I think the high THD could be the responsible for the added warmth I hear. I haven't seen a CSD waterfall plot of these Pioneers yet.

 

Third of all, in your example of the Downtowns and the Abyss, the similarities you discuss in the 30 Hz to 2 KHz range are only a small part of the larger picture that defines the sound. To simplify, tonality is affected by the response there but the entire sound signature itself is a bit more than that. From 2 KHz to 16 KHz is the treble range, which, among other things, determines how much clarity, presence, airiness, echo and reverberation is heard from recordings.

 

I would surmise the Abyss has a much better treble response which accounts of its heightened perceived detail and accuracy compared to the Downtowns. The treble range is how our brains and ears "see" the sound so it would go without saying the sonic "picture" would be much cleaner and clearer with better treble reproduction. Tuning the treble response is one of the hardest things to do since that involves curving the sound response to match the interactions with the pinna, ear canal and, to a lesser extent, the surrounding tissues.

 

You can EQ the Abyss to make it measure similar to the Downtowns in the treble as well. And you can also reproduce instruments or voices with little to none treble presence with both. I bet the Abyss would still be far better in both scenarios.

 

I have not heard the Abyss myself so I cannot say if it is good or not, at least for me. I know the HD 600 was not for me because of issues with its treble frequency having medium to large dips or trenches in certain spots. Having seen the Abyss' frequency plot previously, though it seems to have a far superior upper treble response to the HD 600 and other headphones, it has a massive dip in the upper midrange and lower treble. I know from experience that headphones with such responses do not appeal to me, having owned several and demoed dozens more, but I look forward to demoing it one day to experience for myself what its actual sound is like.

 

That dip in the lower treble looks like too much! I agree.
Trying headphones is always the best way to make a personal judgement. I think there isn't a single Abyss in my country, so I'll have to wait for them!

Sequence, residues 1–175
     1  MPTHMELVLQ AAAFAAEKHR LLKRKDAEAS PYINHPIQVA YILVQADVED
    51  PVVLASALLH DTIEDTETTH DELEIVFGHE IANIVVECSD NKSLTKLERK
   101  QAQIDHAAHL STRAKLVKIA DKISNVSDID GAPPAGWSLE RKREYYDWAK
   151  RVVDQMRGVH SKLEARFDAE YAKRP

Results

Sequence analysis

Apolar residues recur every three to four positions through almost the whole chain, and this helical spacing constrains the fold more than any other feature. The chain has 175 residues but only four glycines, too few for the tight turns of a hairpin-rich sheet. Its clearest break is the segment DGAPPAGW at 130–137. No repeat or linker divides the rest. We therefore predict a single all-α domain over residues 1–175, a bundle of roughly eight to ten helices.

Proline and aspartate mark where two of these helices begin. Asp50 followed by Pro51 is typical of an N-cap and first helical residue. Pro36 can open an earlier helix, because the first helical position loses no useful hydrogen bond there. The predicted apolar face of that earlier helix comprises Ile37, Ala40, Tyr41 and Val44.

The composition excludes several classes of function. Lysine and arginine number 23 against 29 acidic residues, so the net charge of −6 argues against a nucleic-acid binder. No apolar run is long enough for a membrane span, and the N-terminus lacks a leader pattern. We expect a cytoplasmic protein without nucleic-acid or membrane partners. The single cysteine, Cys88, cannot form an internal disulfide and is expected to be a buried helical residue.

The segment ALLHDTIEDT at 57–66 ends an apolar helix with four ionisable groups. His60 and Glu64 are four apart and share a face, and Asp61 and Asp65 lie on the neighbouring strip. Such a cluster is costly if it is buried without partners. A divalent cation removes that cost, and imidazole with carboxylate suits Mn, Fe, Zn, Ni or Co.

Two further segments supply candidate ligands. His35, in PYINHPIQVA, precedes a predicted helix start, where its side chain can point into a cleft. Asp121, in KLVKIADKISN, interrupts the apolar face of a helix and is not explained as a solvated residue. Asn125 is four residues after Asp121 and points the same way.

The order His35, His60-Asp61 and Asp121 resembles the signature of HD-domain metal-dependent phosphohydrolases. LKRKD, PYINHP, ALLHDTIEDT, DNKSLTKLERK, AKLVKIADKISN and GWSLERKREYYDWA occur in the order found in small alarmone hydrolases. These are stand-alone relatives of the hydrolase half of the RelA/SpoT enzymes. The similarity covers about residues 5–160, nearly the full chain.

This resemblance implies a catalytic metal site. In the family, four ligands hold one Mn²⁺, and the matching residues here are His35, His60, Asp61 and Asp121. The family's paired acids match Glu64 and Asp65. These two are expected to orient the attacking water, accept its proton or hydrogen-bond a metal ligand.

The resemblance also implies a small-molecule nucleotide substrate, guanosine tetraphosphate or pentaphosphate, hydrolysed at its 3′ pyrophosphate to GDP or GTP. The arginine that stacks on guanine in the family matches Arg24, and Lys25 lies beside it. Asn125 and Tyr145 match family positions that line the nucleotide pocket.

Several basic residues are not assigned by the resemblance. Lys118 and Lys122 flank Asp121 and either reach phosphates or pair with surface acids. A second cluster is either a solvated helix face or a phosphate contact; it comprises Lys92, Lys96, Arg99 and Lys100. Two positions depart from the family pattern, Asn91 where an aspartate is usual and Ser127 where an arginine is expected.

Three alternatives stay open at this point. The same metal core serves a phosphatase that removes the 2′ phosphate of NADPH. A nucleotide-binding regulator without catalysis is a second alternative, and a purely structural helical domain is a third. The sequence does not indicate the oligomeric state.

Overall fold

For now, the real test for me will be trying the SE-A1000 and seeing how it sounds. I loved the DT 860 and likely will get another pair since it is being discontinued, but the sound response on the SE-A1000 looks more appealing still. I can safely say the bass response on the DT 990 was not a particular favorite of mine. Though it was certainly a step up in some ways from the HD 555, ATH-m50 and others, in other ways, its bass had issues with clouding the midrange constantly. The interesting thing to note for me is that headphones with more neutral responses in the bass, not enormous emphases, like the HD 600, DT 860 and Q701, sounded much better, with more focused, firmer impact, and faster bass. The SE-A1000's graph response is much closer to neutral than the DT 990 and I expect it to follow that it will sound better in the bass, for example, as these headphones did and many others.

 

I have a system down for reading and analyzing graphs and I know my sources well--which match up well and which aren't quite right. I trust my ears which have confirmed for me personally which of these graphs are the best for me when choosing headphones. Everyone here has a method to their madness, and I think mine works rather well for me. For me personally, as I have familiarized myself more and more with graphs and headphones, this method has gotten me to bigger and better headphones consistently. These specifically are the sources I look to for graphs with them in order of preference towards and confidence in their accuracy, the topmost ones being my first choice:

http://headphones.reviewed.com/

http://www.head-fi.org/t/409732/some-more-frequency-response-graphs

http://rinchoi.blogspot.com/

http://www.headphone.com/pages/build-a-graph

http://www.innerfidelity.com/headphone-data-sheet-downloads

http://www.head-fi.org/t/566929/headphone-csd-waterfall-plots

http://www.geocities.jp/ryumatsuba/review.html

 

Thank you again for taking the time to share your thoughts and experiences with me. Best of listening to you!

 

Thanks and you're welcome, it's always nice to share and compare personal views (Often useful for other people)

 

Please share your impressions about your Pioneers once you get them!

 

Best Luck!

post #945 of 945

I don't think this site's graphs are all that accurate since the frequency plots have too much smoothing applied or something, but here's the CSD. It's actually quite clean. I've seen much worse and, actually, I have seen few better in the 1 KHz and up region in particular. The bass does have some added delay, which is what you may be hearing here as added darkness or haze. Still, the treble is on par with the DT 880's ultra low resonance and distortion, which is a commendable achievement on the part of the SE-A1000's engineers. All of this, of course, is dependent on the fact of whether or not these measurements are even accurate to begin with.

 

SE-A1000-Accumulate.gif 

 

 

 

And for comparison's sake, here are the CSD's of the two headphones you own from the same site:

 

K701-Accumulate.gif

 

DT880-Accumulate.gif

 

Source: http://www.geocities.jp/ryumatsuba/review.html


Edited by Hifihedgehog - Yesterday at 10:38 pm